Bill S-4 streamlines the telewarrant process and expands its application, including by making it available to a wider range of investigative warrants and orders, such as warrants to seize weapons, tracking warrants, and production orders for documents and financial records.
Under this more streamlined process, it will be possible for a police officer to submit a search warrant application by means of a telecommunication in writing, such as by email, without meeting the current prerequisite that requires a peace officer to show that it is impracticable to appear in person to present an application.
Police may continue to apply for a warrant by means of telecommunication that does not produce a writing, for example, by telephone. However, in this situation, the judge or justice to whom the search warrant application is presented would have to be satisfied that it is impracticable for the applicant to present the application by means of telecommunication that produces a writing, such as an email.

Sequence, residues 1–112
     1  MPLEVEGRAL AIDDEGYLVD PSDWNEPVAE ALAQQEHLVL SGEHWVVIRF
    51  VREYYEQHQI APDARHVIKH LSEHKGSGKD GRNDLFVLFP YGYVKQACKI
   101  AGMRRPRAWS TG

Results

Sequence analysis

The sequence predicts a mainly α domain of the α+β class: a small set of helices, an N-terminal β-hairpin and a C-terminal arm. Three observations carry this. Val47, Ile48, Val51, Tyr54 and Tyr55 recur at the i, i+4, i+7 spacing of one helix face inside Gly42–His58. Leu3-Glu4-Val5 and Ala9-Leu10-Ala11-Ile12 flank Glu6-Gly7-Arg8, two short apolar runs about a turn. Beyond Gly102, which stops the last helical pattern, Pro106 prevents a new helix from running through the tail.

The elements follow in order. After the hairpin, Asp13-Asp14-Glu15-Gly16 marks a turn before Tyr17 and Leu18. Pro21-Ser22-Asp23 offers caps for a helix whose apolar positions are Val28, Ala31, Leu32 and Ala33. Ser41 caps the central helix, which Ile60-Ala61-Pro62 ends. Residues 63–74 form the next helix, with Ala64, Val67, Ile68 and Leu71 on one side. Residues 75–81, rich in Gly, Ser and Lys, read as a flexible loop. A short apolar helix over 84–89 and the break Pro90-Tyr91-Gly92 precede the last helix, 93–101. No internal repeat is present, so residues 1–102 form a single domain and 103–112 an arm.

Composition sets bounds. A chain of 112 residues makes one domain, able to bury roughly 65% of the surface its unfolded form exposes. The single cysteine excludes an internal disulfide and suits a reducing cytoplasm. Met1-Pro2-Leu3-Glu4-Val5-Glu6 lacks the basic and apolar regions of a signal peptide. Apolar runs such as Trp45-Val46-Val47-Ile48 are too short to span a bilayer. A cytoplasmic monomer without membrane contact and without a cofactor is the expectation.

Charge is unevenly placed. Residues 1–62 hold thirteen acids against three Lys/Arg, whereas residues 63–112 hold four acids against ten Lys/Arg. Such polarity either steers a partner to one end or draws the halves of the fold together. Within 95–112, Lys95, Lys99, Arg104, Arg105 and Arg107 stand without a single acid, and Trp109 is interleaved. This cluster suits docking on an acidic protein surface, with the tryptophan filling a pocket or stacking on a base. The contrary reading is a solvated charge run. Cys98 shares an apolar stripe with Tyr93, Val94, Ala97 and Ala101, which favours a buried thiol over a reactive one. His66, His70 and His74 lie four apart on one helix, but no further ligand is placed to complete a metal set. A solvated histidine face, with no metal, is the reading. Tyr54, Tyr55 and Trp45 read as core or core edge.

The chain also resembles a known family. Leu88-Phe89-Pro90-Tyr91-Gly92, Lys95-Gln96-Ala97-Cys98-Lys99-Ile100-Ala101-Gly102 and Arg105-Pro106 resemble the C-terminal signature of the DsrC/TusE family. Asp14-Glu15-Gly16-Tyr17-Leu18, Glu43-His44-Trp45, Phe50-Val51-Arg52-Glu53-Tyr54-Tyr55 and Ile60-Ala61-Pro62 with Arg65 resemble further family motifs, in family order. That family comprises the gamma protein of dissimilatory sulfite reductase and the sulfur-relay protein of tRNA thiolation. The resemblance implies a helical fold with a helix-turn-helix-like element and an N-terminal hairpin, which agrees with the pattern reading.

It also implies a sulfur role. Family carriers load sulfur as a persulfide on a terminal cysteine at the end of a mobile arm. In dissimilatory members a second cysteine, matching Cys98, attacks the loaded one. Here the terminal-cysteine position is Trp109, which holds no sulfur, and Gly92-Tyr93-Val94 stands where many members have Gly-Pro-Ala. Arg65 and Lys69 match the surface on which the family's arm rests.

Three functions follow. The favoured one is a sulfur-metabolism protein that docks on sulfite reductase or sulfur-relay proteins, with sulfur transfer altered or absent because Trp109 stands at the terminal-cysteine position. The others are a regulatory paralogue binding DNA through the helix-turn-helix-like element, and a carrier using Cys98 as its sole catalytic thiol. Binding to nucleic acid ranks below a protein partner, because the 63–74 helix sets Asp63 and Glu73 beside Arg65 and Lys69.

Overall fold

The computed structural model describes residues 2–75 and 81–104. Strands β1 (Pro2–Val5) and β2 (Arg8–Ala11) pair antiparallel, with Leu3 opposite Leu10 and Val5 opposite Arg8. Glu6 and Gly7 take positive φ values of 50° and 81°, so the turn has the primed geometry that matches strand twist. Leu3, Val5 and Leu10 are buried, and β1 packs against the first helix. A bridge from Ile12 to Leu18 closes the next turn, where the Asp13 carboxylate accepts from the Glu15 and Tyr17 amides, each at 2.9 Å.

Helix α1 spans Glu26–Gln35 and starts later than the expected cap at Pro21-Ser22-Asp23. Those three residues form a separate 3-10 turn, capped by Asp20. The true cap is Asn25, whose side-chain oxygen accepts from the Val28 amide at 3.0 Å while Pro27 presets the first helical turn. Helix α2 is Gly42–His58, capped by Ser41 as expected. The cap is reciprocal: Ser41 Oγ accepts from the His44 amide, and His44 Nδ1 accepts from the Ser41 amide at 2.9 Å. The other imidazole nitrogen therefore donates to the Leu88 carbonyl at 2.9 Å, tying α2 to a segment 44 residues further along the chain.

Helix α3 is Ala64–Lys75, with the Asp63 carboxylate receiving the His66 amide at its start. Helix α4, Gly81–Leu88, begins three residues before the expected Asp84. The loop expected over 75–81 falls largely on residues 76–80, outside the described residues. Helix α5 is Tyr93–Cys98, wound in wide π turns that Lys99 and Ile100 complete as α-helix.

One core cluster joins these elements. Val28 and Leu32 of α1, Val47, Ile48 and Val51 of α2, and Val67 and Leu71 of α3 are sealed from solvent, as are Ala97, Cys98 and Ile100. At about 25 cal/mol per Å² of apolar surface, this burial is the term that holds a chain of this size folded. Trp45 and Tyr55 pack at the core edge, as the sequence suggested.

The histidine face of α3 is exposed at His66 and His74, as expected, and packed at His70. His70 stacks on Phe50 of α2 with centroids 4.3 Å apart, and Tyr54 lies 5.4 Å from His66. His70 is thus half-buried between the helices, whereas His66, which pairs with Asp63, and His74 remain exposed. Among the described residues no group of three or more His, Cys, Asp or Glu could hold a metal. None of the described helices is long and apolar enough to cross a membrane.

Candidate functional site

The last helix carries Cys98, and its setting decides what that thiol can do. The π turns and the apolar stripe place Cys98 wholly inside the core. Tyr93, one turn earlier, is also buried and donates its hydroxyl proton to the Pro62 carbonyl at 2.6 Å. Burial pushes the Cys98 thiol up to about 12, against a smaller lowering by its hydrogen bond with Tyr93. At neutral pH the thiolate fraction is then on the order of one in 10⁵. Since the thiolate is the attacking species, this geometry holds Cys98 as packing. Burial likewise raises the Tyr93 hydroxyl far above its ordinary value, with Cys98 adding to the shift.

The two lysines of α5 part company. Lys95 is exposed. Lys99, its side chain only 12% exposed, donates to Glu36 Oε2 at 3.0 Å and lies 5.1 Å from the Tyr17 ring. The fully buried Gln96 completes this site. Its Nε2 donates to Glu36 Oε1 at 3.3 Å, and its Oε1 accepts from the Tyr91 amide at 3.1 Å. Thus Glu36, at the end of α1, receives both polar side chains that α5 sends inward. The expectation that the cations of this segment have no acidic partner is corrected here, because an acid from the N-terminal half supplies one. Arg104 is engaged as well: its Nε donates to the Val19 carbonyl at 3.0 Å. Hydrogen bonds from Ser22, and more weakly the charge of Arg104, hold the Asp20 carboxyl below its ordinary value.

The revised telewarrant process would also be expanded to apply more broadly in two ways.
First, the process would now apply to the investigation of all offences, rather than indictable offences.
Second, the process would be accessible to law enforcement officials other than peace officers, notably public officers.
This would include, for example, Canada Revenue Agency officials responsible for investigating tax-related offences, who may currently apply for search warrants, and other judicial orders by personal attendants.
Similarly, the process would now be available to any justice or judge who issues a warrant, order or authorization, thereby removing the current requirement that only specifically designated justices may issue telewarrants.